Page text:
St Lucia is a volcanic island and it showed. There were mountains, volcanoes and hills draped in verdant tropical rainforest. Much more picturesque.
It felt warm and thrilling as we slipped into the sanctuary of St Lucia’s natural harbour.
Teaming up with another couple were negotiated a taxi and headed off to the far side, to the volcanoes!
We made our way up steep winding roads into the interior with spectacular views, and stop-over places lined with market stalls selling fruit, local crafts and tourist tat. There were gaily painted houses on stilts, lianas, tropical greenery, rocks, mountains and laid-back people trying to sell you things you didn’t want where-ever you stopped.
At one place we were accosted by a guy with a huge boa constrictor around his neck. He wanted us to put it around our necks and have photos taken – for a price. We told him to put it back in the jungle and drove away. It’s not good.
It was hot but with the windows down the breeze was great.
Having gone up through the centre we started to come down the other side, past expensive stilted houses, cheap chattel houses, stopping for views over luscious scenery.
Then there were the Pitons – two huge dormant volcanoes standing up like perfect steep-sided cones. They were breath-takingly beautiful. At the side of one were the sulphur geysers of bubbling mud and hot water. We could see the steam rising in the air.
We went down into the large fishing village with the boats drawn up on the beach, the brightly painted houses, huge church and murals. Out the other side we stopped for a view and a Rasta guy tried to sell us ‘his art’ – crudely painted calabashes – and brought his guitar out to sing us some Bob Marley in order to snare us.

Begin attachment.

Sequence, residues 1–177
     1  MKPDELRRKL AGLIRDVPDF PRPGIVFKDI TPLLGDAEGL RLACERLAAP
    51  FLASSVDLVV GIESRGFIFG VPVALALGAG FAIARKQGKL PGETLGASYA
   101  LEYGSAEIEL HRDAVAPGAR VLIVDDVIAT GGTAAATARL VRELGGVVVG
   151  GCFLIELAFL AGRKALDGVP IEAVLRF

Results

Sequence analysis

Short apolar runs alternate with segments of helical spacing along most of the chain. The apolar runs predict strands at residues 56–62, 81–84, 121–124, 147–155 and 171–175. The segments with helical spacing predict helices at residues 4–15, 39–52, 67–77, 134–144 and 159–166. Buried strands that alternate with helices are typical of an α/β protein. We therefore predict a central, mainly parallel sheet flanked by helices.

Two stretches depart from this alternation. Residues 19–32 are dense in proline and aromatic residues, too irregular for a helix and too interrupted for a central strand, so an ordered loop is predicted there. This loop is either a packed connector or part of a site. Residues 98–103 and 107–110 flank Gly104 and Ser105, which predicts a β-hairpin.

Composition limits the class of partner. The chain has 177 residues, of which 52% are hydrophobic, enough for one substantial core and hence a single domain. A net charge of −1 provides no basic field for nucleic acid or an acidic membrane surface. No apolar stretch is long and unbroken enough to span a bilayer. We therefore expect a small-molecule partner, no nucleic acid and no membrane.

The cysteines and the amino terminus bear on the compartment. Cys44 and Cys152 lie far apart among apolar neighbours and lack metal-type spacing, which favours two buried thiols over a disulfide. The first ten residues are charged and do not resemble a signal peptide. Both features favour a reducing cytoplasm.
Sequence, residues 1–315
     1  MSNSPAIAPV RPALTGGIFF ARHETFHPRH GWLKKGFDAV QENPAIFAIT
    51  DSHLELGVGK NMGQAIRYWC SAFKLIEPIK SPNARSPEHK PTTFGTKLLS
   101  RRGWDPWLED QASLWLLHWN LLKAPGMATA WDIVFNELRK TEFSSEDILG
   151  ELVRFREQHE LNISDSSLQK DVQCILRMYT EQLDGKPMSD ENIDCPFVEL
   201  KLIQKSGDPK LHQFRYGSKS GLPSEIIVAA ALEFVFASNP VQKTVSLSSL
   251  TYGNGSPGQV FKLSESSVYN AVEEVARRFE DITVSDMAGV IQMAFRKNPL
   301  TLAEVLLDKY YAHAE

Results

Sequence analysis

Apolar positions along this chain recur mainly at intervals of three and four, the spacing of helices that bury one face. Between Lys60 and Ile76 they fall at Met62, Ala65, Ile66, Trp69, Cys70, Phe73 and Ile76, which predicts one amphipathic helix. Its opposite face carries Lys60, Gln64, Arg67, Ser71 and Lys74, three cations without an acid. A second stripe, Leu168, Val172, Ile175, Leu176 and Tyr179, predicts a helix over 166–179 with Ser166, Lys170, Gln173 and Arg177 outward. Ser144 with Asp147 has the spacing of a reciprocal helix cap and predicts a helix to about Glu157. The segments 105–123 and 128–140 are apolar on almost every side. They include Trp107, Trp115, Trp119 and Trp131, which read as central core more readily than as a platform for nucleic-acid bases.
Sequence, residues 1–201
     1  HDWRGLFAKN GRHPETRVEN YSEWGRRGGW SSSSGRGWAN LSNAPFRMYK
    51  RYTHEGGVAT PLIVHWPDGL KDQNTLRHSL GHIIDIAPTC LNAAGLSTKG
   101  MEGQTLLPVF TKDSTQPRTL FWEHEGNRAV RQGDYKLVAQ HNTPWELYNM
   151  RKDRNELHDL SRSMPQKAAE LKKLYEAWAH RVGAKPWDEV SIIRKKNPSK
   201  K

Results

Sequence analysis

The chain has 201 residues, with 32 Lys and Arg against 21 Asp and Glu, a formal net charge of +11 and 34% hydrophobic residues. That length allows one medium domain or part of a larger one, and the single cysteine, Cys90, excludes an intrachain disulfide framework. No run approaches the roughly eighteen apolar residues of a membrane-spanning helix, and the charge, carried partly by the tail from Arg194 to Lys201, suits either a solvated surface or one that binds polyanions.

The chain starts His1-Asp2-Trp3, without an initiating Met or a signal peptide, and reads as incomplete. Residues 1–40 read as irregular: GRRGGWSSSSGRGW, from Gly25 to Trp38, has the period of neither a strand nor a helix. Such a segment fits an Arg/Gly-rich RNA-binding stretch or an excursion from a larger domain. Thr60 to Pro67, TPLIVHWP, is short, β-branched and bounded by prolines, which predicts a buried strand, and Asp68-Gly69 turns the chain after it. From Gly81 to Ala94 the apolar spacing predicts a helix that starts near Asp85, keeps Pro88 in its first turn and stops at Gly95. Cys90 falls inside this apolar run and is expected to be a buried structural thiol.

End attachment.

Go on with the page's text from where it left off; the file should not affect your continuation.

We had a choice of sulphur springs or botanical gardens – we chose a brief rush through the gardens – trailing creepers, gorgeous tropical trees, epiphytes, fabulous flowers, the smell of vegetation, decay, humid air (coupled with a faint whiff of sulphur) and the scent from a thousand nectaries. There were hummingbirds, the squawk of parrots – heard but not seen – and many other small colourful birds flitting about.
Then it was the waterfall – but no ordinary waterfall – a colourful scene where water cascaded over smooth rocks – volcanic water permeated with sulphur and various salts creating a range of colours.
Then we were hurtling back up and down the mountains, tearing along mountain roads and hurtling around tight bends.
There were fewer stops on the way back but we did manage to see a big arch of rock in the bay. A Rasta guy came up. He was working with two kids. They were standing out on the arch rock and for a price would jump into the water below.
Back in town we paid up the taxi – with a big tip – and he dropped us off at a decent restaurant where we had salted fish, beer and rum punches!
Staggering back through the square, past the church, and after a little look around town, we managed to find the boat.